The truth about mortgages and divorce

Divorce enquiries typically surge on the first working Monday in January, a day now known as ‘Divorce Day’. It’s no secret 42% of all marriages end in divorce, and the festive season can feel like a bridge too far for some relationships. So, when the resolutions have been made and January bills are stacking up, what are the practicalities of getting a mortgage after divorce?

In the wake of the 2014 Mortgage Market Review lenders are applying stricter affordability calculations, assessing applicant’s incomes and outgoings to judge affordability not only now but also for future rate rises. This has resulted in many divorcees finding themselves inadvertently part of a group termed ‘mortgage misfits’ – those finding it hard to obtain a mortgage.

Obviously one of the main impacts of affordability post-divorce is a reduced household income, but also due to the way mortgage lenders assess child maintenance payments – many lenders fail to consider this in their affordability calculations. It seems a little at odds when you consider 48% of couples divorcing had at least one child aged under 16 living with the family.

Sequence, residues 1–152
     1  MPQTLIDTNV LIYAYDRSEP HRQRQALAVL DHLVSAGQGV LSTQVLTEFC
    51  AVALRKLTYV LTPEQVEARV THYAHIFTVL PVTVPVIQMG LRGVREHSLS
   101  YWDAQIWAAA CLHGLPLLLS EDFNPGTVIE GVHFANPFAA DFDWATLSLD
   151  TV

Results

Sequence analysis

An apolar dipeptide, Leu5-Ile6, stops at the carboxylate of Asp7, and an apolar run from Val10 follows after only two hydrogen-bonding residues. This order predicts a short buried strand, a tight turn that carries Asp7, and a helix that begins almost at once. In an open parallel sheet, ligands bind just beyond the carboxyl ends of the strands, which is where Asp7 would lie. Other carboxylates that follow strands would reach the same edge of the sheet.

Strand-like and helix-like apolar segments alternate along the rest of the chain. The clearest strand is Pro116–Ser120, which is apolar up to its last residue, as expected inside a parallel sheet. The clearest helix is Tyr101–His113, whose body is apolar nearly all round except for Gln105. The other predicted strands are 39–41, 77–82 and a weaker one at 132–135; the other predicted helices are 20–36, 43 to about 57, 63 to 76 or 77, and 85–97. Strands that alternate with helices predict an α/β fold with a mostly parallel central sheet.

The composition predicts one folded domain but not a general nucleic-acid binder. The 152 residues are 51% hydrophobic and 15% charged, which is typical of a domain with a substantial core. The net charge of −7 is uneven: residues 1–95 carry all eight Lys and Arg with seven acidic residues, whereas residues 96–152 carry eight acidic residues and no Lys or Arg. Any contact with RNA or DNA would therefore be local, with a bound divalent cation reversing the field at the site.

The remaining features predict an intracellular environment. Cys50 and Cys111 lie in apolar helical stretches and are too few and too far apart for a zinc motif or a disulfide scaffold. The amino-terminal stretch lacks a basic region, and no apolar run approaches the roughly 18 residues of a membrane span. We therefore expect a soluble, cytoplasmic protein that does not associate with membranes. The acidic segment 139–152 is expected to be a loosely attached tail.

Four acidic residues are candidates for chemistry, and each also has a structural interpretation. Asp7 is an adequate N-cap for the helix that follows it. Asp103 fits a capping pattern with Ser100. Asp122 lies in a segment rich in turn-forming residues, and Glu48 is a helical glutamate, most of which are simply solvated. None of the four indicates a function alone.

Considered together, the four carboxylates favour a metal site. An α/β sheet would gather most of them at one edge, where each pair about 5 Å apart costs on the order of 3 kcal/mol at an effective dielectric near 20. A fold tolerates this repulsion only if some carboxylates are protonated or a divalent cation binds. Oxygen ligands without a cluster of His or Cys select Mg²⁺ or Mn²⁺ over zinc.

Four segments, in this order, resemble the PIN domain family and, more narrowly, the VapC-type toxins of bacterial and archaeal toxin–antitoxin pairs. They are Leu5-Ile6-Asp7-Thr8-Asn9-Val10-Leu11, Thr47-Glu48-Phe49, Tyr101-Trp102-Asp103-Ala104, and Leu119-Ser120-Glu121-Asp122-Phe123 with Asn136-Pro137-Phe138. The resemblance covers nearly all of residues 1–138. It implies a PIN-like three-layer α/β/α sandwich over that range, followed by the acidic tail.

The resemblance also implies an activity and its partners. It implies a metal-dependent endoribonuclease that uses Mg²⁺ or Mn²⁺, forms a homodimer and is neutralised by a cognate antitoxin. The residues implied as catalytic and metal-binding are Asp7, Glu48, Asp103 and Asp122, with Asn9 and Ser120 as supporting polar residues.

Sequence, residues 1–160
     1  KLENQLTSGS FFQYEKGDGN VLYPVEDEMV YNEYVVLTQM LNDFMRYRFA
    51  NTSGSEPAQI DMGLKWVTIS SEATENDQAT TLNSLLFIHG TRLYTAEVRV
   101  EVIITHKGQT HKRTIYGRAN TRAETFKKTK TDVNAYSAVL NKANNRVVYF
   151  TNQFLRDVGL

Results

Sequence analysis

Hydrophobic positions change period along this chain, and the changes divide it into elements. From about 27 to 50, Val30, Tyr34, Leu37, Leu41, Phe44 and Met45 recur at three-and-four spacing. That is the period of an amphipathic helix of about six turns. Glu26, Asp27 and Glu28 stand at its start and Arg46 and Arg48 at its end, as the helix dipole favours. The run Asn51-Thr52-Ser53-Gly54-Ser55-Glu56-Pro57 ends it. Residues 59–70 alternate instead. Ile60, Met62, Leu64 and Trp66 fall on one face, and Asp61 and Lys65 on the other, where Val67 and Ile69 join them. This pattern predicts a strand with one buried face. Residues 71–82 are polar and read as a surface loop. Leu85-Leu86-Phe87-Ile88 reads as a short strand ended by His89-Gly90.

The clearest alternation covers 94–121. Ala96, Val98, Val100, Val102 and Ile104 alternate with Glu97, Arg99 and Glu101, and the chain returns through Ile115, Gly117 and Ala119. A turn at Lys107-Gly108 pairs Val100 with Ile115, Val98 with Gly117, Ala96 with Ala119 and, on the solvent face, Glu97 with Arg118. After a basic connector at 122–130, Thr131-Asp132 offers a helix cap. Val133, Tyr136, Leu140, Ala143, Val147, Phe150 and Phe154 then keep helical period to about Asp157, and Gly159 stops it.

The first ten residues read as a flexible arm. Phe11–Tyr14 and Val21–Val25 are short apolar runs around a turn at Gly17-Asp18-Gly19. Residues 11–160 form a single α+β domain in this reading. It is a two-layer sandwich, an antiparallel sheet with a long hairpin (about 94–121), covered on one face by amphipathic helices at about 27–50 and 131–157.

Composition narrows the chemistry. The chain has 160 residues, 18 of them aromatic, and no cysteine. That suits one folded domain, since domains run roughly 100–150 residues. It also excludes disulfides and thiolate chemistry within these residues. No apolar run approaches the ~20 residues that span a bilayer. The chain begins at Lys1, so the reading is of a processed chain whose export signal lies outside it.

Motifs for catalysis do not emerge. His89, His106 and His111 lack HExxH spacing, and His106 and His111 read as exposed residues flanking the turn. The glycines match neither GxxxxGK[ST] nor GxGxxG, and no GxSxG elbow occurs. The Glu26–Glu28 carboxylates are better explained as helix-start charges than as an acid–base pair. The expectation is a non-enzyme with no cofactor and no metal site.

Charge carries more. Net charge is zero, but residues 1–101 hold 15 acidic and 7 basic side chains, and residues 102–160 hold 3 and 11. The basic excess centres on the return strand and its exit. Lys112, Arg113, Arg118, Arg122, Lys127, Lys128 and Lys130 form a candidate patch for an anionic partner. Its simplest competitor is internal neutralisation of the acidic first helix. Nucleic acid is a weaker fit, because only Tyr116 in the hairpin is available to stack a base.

You may also benefit from finding a lender who uses manual underwriting rather than computer based assessments. They will be able to look at your individual situation rather than a one size fits all, or computer says no, model.

There are a few mortgage lenders out there who will accept 100% of child maintenance payments in addition to employment income when calculating affordability. One of these is Ipswich Building Society, who pledge to use a common sense approach to mortgage applicants and accepts 100% of child maintenance, where supported by a CSA or Court Order with 5 years left to run.

Getting a mortgage after divorce - infographic (F)


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